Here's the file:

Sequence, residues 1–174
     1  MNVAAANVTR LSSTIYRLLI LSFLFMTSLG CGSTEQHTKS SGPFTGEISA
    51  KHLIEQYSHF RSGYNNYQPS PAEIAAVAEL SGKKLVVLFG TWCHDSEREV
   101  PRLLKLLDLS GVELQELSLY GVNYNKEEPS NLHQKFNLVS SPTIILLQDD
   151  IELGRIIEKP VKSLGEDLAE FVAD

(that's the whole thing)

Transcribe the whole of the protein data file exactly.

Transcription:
Sequence, residues 1–174
     1  MNVAAANVTR LSSTIYRLLI LSFLFMTSLG CGSTEQHTKS SGPFTGEISA
    51  KHLIEQYSHF RSGYNNYQPS PAEIAAVAEL SGKKLVVLFG TWCHDSEREV
   101  PRLLKLLDLS GVELQELSLY GVNYNKEEPS NLHQKFNLVS SPTIILLQDD
   151  IELGRIIEKP VKSLGEDLAE FVAD